Short story “To Stone,” to The Morrigan E-zine, written collaboratively with calendula_witch. It is slated to appear in their inaugural issue sometime around Halloween.
Found out today that tor.com will be publishing my short story, “A Water Matter”, this fall. It’s in continuity with Green, and they’ve commissioned Green cover artist Dan Dos Santos to do an additional illustration for the short piece.
Also, untangled my email enough today to realize I’d placed short story “Fingers From the Hand of God” with Paper Golem Press for a forthcoming chapbook in support of the anthology Alembical, wherein my novella “America, Such As She Is” will appear.
Well, I seem to be in Omaha. At least that’s what the rental car contract says. The Hertz random upgrade program hath delivered unto me a brand new Chevrolet TrailBlazer, due to a “broken car wash.” Just the vehicle for these days of $4+ per gallon gas. Luckily, about half my meetings this week are literally across the street from the hotel.
On leaving Seattle this morning I had a lovely aerial view of four Cascade volcanos almost in alignment — Mt. Ranier, Mt. St Helens, Mt. Adams and Mt. Hood. And I’m enough of a Northwesterner now to identify them by their profiles as well as by their relative locations. I then kicked some serious butt on “In the Forests of the Night”, wrapping the first draft a bit over 18,000 words.
After that I did some crit, some contest judging, and some reading of Green. I have to a bit of audio work in the next day or two, otherwise I’m focused on Green, which has a no-shit deadline of the end of this month. (I actually finished the requested revisions back in June, on time, despite all my excellent cancer adventures, but the excellent and incomparable casacorona give me an month’s extension.)
garyomaha commented tonight that I seem more like my old self than he’s seen since the cancer bus ran me down. I think that’s true — for several hours today Classic Jay was in evidence. Completing a major story, having a clear head, I just am me. Of course, I’ve since cratered, and I still can’t do airline Sudoku (I tried), but, hey. One damned thing at time.
As expected, I am back home and writing. This is good, since I am :: cough :: behind deadline, with another one looming shortly. Here’s a brief WIP from tonight’s work. (more…)
I had the radio on briefly during my lunch break, and learned the startling (to me) information that there may be as many as 60 different “uncontacted tribes” in the upper Amazon Basin. Apparently about 45 are in Brazil, and 15 in Peru. The discussion was that Peru is more interested in opening resource exploitation than in cultural protection, while Brazil has an active, long-term policy to keep their “uncontacted tribes” safely isolated. Many of these tribes are thought to be the descendants of refugees and tribal elements fleeing violent contact in prior centuries, and virtually all of them discourage outsiders by violent and even fatal means. Some of them are referred to as “The People of the Arrow.”
The past 500 years of European history have drawn some stark lessons in the ethics of contact. At least part of the Brazilian policy is based on the abysmal healthcare consequences of contact — past tribal contacts have lead to epidemic deaths within weeks of first encounter not unlike the general decimation of tribes in the Americas in the early 16th century. (See 1491 by Charles C. Mann [ Amazon ] for more on this.)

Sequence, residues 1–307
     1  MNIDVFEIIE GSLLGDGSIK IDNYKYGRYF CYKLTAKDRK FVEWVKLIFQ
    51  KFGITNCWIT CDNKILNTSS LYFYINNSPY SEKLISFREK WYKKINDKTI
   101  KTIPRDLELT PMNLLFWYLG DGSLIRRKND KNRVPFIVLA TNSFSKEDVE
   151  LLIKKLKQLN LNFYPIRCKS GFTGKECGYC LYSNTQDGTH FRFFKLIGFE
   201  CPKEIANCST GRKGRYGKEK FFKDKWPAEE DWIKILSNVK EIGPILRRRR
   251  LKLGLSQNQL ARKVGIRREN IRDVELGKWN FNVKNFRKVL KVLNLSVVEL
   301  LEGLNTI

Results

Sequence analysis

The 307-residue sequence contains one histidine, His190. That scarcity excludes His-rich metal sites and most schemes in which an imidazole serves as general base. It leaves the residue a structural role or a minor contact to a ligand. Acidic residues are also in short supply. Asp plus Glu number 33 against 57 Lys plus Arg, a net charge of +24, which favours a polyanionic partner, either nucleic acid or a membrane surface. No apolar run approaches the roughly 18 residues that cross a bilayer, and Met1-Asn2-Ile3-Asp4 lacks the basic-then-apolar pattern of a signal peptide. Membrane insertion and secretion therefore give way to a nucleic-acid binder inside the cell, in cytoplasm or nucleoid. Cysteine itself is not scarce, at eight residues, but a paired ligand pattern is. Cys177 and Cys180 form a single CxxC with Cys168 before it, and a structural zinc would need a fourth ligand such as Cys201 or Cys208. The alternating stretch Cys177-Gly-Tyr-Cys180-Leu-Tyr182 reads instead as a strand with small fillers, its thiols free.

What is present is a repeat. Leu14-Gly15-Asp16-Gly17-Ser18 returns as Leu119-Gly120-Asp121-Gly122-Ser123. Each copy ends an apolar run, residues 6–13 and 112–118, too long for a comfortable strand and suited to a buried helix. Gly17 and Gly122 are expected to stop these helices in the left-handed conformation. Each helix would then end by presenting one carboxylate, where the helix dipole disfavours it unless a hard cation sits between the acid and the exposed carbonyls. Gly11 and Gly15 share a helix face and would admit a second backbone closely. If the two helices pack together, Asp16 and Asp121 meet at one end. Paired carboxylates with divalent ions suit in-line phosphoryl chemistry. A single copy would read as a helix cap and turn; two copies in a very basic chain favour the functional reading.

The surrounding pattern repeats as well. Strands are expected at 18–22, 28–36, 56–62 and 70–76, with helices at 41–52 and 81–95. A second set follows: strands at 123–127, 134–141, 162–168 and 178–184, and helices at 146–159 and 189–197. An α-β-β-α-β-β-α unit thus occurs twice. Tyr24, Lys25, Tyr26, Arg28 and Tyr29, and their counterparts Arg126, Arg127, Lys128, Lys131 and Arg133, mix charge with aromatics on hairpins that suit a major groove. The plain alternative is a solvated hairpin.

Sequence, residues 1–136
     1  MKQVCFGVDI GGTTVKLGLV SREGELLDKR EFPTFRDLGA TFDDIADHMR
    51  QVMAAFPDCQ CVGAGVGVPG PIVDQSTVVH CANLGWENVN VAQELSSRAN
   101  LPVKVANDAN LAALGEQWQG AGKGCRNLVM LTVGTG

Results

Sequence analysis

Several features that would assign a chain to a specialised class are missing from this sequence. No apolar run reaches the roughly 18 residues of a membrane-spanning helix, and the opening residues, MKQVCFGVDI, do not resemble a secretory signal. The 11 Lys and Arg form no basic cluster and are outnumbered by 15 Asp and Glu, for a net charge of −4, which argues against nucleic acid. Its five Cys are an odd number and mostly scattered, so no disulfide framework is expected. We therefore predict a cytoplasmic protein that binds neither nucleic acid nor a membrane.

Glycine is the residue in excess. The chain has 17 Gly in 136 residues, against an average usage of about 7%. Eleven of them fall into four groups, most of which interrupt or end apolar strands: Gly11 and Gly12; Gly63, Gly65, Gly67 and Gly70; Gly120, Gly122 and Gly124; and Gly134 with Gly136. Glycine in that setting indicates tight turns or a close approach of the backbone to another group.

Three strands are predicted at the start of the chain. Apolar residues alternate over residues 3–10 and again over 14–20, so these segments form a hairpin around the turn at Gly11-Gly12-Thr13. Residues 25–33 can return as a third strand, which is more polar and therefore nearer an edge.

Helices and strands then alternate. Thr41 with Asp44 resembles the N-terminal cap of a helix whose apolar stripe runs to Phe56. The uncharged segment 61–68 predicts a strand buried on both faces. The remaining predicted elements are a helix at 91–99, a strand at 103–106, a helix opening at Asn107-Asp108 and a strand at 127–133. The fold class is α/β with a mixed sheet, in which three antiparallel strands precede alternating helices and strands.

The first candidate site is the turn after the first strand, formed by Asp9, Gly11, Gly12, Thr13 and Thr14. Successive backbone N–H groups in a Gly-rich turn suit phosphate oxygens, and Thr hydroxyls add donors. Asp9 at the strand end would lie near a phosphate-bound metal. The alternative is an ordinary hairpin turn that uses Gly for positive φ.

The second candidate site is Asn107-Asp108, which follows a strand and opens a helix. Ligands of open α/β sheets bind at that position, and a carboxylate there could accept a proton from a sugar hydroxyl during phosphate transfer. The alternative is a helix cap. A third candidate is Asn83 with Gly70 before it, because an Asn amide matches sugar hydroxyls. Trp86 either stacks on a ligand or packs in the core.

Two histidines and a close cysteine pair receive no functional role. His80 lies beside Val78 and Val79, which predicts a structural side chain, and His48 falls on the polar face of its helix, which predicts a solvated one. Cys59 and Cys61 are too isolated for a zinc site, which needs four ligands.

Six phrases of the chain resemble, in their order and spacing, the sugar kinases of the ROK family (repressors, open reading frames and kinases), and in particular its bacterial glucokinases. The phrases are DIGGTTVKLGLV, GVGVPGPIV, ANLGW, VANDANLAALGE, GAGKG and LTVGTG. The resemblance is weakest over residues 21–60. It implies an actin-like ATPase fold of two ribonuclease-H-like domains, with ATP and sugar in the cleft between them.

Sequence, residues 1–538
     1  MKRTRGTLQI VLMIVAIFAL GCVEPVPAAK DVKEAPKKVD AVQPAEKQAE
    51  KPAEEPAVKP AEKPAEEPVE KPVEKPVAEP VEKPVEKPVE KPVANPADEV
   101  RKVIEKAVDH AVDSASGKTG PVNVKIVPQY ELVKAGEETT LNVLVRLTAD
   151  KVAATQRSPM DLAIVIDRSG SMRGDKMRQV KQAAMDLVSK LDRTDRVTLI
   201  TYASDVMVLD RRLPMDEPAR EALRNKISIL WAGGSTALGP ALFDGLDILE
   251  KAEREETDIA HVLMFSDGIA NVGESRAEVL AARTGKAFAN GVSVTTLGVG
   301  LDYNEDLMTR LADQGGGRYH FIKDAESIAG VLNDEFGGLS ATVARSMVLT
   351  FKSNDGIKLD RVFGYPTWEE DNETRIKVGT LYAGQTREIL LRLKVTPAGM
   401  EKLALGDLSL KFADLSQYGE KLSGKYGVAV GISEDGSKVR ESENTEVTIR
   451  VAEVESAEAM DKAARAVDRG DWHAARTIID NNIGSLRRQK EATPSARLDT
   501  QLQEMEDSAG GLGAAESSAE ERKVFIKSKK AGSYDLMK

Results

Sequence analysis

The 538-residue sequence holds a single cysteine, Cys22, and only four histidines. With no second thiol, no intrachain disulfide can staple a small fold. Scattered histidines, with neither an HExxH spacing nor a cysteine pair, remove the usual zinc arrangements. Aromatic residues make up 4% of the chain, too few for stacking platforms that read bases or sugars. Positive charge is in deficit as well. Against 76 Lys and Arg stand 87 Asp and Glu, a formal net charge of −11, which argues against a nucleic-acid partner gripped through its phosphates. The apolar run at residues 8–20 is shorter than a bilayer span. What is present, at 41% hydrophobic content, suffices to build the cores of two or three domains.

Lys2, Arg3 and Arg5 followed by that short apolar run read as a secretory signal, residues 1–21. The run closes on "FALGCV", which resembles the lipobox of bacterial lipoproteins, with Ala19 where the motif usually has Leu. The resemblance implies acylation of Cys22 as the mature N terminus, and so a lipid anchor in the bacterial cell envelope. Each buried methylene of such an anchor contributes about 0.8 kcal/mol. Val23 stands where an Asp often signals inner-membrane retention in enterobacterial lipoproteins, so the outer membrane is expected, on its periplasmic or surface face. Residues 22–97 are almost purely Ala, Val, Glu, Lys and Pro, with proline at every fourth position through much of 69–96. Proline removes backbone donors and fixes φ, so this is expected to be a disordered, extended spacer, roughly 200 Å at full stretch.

I began turning over the ethics of contact in my head. European, and specifically Anglophone, history on this topic is staggeringly ugly, more so than most of us are willing to admit. Yet at the same time, I am bothered by the notion of leaving people without the opportunity to choose sanitation, healthcare, reduced infant mortality, education access, increased life expectancy, and the whole array of life choices attendant on modern culture when it is functioning correctly.
It is very hard for me to see what is right here. The question is essentially moot for me personally — I am highly unlikely to ever need to make a choice regarding an uncontacted tribe. At the same time, I can argue a number of sides of this question with equal passion. And I do appreciate the value of an extremely conservative, preservationist approach to the uncontacted tribes. Some mistakes can never be undone.
I believe I shall explore this in fiction. Your thoughts?
Bonus question: Would differing immune system requirements be one of the greatest dangers to a time traveller?
Short story “Shedding Skin; Or How the World Came to Be” to Shimmer‘s Clockwork Jungle Book issue. A steampunk garden of Eden fable with animals that go clank.
“The Ides of February” — A story I wrote with Bruce Holland Rogers is now online at Aberrant Dreams.
Blogging–It’s Good for You — Scientific American with an article about the therapeutic value of blogging. Note the comments about cancer, also about writers block and hypergraphia.
The only debate on Intelligent Design that is worthy of its subject — Well, that answers that. (Thanks to lt260.)
Character and the Primaries of 2008 — The Project For Excellence in Journalism looks at claims of media bias in the Democratic primaries.
John McCain gets tax-free disability pension — Old news, but interesting. I believe Reagan was our last disabled president (Alzheimer’s, unacknowledged until after his retirement), FDR before him (mobility impairment, formally unacknowledged but widely understood).
The wife U.S. Republican John McCain callously left behind — A story Your Liberal Media seems to have stayed the hell away from. (This link is from a British paper.) I can certainly see why McCain is the candidate of the party that claims the mantle of family values!
Time in saddle: 0 minutes (still recovering from surgery)
Last night’s weigh-out: n/a
This morning’s weigh-in: 260.8
Currently reading: The Alchemy of Stone by Ekaterina Sedia [ Amazon ]